Zell’s distortion of the Biblical text continues when she alleges that Yahweh is simply “an individual member of the Pantheon” who creates Adam and Eve in Genesis 2. This is where I am forced to ask is Zell being intentionally deceptive. She repeatedly quotes the Bible pointing out that “Yahweh God…” is said to do x, y, and z.” This is an accurate rendering of the English translation but the word for God is still “Elohim.” If Zell was right that Yahweh was here being described as one of the gods in the pantheon, we would expect the Scripture writer to drop the majestic plural and simply say, “El” instead of Elohim. So, what Zell wants us to believe is that the same word which she alleges is plural in the first chapter of Genesis now suddenly singular in the second chapter. This is a classic example of how a little knowledge can be a dangerous thing. Elohim and Yahweh are one and the same. There is nothing in Genesis that suggests that the Heavens and the Earth are created by a multiplicity of gods. There is a perfectly logically explanation for the fact that both names are used in the Bible. The short explanation is that early Israelite religious devotion included both names for God and certain traditions were more likely to use one over the other. El is simply an Ancient Near East word for God. It was used by many peoples in the Ancient Near East, including the children of Israel. It is a basic word that means God. The Israelites used a plural form of the word to show the majesty of that one God. Yahweh is the specific name of God revealed to Israelites by God himself. It means “I am” and that name is unique to Israel. The best way to think about it is Elohim is to Yahweh as human being is to Carolyn.

Zell goes on to say, “Then Yahweh decides to make a woman to go with the man. Now, don't forget that the Pantheon had earlier created a whole population of people, "male and female," who are presumably doing just fine somewhere "outside the gates of Eden." This is another gross misunderstanding of the text as well as the purpose of the Biblical narrative. This is not a story about what the “Elohim’s” did as opposed to what Yahweh did. This is two stories about Elohim who is Yahweh, designed to fulfill to separate theological purpose. The first story is about how God created the world by the power of His voice. Unlike the creation narratives of the Ancient Near East in which the gods are warring each other during creation, the point of Genesis is exactly the opposite of Zell’s claim. It is a counter-narrative to the pagan view of Middle Bronze Age in which the pantheon of gods are jostling for power. The Scripture writer is saying here that God creates all things, including human beings simply by the power of His voice. There are no other deities to contend with. He speaks and it comes into being.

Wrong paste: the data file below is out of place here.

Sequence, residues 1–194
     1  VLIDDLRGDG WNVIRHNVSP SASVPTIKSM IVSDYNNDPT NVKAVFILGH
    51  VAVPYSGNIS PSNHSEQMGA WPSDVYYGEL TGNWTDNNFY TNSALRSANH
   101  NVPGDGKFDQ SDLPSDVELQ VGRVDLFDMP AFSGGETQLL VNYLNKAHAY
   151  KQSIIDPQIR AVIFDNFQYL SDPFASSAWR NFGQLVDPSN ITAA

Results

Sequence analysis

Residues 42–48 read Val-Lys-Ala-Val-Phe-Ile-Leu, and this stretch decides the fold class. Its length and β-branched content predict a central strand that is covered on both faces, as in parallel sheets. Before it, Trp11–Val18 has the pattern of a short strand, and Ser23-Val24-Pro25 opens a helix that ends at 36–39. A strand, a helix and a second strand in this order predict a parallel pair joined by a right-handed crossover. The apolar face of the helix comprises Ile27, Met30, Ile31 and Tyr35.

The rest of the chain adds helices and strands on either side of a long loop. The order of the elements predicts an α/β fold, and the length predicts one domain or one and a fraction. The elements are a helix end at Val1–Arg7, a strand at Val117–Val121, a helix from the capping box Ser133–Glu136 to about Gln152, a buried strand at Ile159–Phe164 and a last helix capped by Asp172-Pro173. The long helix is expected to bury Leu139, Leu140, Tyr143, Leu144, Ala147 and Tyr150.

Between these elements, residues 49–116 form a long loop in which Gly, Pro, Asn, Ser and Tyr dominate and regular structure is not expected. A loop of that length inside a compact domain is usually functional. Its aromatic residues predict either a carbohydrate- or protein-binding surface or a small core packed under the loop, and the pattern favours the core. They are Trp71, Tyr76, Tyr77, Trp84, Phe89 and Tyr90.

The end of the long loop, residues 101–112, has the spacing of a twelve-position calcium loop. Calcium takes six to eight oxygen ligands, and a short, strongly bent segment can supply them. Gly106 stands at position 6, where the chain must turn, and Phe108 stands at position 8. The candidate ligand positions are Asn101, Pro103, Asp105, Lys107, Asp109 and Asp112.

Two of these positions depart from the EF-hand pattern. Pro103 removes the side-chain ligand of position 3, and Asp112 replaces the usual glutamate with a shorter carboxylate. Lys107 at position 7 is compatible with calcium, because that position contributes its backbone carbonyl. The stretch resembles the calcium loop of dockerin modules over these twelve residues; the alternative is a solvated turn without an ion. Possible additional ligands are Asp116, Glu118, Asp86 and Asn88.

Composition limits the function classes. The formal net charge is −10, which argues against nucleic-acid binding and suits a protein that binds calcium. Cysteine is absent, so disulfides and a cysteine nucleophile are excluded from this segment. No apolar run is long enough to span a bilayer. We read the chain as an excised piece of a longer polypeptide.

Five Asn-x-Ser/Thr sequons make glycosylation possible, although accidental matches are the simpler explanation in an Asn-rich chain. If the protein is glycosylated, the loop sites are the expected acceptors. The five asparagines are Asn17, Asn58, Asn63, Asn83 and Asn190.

Genesis 2 however is about sexual complementarity. It would be unwise to do, as the author and her fundamentalist visitors apparently did, to take this account as literal descriptions. Instead it is a story about the fact that man and women are made of the same substance and that an appropriate sexual partner for a man is a woman. On the other hand, Genesis I is designed to teach that human beings, both male and female are made in the image and likeness of God. Both of these are true but have independent theological purposes.

Also, since these stories are from two separate traditions in Israelite history, it is equality unwise to attempt to harmonize them as sequential, historical accounts of the actions of Yahweh. Thus, when Yahweh is said to be creating a helper for Adam, one should not imagine that there are people outside of the garden doing other things. The writer of Genesis treats Genesis 2 as the total sum of human existence and to properly understand his theological point, we should do likewise.

Zell proceeds to discuss the issue of the fall and original sin. For the sake of brevity, I will discuss that in a separate response.